That I was talking about my street map should be a clue that I was not happy in São Paulo. I had long interviews with very interesting people and filled pages of my notebooks, but I will not inflict these on my readers and instead move the trip along. I checked out of my comfortably seedy hotel (where my bill for six days came to US$66 and the elevator never was fixed). I negotiated the usual police activity in the street outside my hotel (no one was up against a wall having their IDs checked -- too early in the day, I suppose -- but a policeman was standing over a fellow sprawled on his back on the sidewalk who did not look in very good shape) and caught a cab to the bus station for the 10:35 bus to Belo Horizonte.
My seatmate was a pretty young woman who reminded me of the bright creatures I saw on the beach at Ipanema and who chatted away pleasantly, almost none of which I understood, but I smiled and agreed with everything.
The bus climbed into forested hills and the sun shown down on fields of Brasilian green and gold and the deep red of fresh-dug earth. There was a man sitting by the side of the road in the middle of nowhere with boxes of fruit, apparently hoping to sell them. At other places there were clusters of open-front stalls offering rugs and baskets and honey in used liquor bottles. There were brown streams and rivulets under majestic, towering cumulus clouds. It was beautiful country.
There were rest stops about every two hours and in the early evening I wandered out away from the lights to look at the southern sky and try to find the Southern Cross.
We would be arriving in Belo Horizonte after ten in the evening, so I ought to have been concerned about where I was going to stay, as I had no reservations, but oddly enough I wasn’t and was completely content just to be riding on a bus through the Brasilian night, just to be traveling.
I found a nice hotel and awoke the next morning with a headache, which I hoped was sinuses and not something that had blown up my nose, as my comely and chatty seatmate had been replaced by a dour chap who smoked incessantly and I had spent the last leg of the bus ride with my face to the open window. Something had blown up my nose under similar circumstances in Costa Rica and I had been miserable for the rest of my trip.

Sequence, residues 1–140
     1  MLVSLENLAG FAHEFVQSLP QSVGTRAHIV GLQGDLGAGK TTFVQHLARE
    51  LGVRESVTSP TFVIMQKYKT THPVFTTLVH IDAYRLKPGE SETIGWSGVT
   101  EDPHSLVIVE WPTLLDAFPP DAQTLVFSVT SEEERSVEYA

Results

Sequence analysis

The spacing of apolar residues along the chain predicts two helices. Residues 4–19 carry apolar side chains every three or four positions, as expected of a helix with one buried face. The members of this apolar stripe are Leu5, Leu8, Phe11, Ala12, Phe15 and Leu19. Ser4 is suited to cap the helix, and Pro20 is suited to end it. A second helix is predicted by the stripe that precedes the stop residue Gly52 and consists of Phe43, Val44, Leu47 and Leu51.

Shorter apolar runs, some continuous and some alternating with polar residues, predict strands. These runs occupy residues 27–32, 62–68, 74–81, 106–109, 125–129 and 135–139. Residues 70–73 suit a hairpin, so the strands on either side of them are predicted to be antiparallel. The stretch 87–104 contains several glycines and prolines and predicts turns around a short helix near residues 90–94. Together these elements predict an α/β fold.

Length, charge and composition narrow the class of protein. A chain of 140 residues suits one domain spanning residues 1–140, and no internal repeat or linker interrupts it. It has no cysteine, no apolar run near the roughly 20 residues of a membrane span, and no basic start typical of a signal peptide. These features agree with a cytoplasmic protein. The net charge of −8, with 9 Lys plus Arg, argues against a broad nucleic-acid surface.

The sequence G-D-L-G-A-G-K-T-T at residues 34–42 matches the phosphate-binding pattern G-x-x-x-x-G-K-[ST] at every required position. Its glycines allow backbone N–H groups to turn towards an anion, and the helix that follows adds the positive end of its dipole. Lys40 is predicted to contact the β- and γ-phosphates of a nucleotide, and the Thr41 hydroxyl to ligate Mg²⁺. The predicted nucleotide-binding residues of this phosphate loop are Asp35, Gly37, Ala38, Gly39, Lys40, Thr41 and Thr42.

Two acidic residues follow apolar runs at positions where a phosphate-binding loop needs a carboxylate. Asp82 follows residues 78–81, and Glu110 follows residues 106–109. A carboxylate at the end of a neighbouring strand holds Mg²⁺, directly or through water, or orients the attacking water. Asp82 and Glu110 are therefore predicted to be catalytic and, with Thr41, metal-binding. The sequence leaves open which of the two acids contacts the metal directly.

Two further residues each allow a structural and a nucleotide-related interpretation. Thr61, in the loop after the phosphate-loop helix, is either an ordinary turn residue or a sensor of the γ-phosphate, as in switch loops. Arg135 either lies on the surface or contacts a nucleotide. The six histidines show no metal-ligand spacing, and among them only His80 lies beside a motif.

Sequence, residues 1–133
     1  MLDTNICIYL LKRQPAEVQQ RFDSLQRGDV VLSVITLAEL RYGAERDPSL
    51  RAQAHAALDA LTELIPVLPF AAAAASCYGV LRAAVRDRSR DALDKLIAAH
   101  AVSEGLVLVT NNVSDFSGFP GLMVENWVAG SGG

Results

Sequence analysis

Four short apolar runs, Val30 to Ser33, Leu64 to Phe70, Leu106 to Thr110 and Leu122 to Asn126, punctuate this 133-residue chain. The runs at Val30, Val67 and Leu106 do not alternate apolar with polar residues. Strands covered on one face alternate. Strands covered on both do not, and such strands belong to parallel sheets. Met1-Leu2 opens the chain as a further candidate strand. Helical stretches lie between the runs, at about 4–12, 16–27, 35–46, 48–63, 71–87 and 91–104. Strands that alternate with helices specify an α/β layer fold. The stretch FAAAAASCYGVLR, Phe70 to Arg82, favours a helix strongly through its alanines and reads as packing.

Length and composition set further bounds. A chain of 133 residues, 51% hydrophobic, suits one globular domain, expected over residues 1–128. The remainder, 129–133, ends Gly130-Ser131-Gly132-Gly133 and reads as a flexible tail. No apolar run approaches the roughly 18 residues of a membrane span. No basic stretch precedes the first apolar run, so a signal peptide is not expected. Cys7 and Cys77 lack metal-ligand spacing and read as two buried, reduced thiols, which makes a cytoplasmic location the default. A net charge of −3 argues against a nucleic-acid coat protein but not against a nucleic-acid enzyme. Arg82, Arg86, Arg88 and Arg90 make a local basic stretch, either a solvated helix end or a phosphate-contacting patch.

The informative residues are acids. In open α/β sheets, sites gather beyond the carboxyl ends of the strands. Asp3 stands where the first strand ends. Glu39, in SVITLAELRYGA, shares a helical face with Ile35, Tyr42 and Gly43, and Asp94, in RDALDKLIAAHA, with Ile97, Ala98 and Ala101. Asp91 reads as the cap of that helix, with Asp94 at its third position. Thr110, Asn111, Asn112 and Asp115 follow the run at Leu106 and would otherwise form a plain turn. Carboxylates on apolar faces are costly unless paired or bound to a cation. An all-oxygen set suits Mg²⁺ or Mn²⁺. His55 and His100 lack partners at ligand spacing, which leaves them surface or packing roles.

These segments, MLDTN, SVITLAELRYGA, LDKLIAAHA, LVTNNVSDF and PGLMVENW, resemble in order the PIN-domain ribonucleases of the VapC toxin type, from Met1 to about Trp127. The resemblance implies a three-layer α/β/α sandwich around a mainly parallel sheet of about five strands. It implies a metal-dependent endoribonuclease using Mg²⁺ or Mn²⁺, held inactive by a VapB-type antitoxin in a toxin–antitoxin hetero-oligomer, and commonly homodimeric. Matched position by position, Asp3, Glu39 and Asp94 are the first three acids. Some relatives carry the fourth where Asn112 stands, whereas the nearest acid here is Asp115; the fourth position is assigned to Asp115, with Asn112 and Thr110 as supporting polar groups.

I arrived downstairs after the hotel’s breakfast room had closed, but they opened it again for me and I dined in solitary splendor in a grand, high-ceilinged salon and had a fine breakfast. Then I went outside to see Belo Horizonte.
I knew something was wrong when I walked out of my hotel. There were people standing around, singly and in groups, waiting for something. There were police, many more than usual. Some stood by squad cars; one stood looking down the avenue, speaking with quiet urgency into a walkie-talkie. There were mounted police in front of the bank, helmeted, with long sabres sheathed in leather scabbards by their saddle.
Then I realized what it was: May First. May Day. That day when all over the world the workers rise up in solidarity to tweak the nose of their capitalist exploiters, and occasionally rough up American tourists.
I retired to the hotel, put the telescopic lens on my camera and went to the balcony to await the arrival of the red battalions.
As the hours passed, expectation grew. Below in the street, groups of spectators dissolved and reformed.
Morning grew late. Families came from church. Some of the watchers began to drift away for lunch. I wrote postcards and started reading a book. Historical inevitability was behind schedule.
Early afternoon. I had to move to stay in the shade. Below, in the street, the only people waiting were standing by bus stops. The mounted police and squad cars were gone. The policeman with the walkie-talkie had disappeared. People had gotten tired of waiting for the vanguard of the proletariat.
Later, I asked the policeman in front of the hotel if there had been a demonstration. He said he didn't know.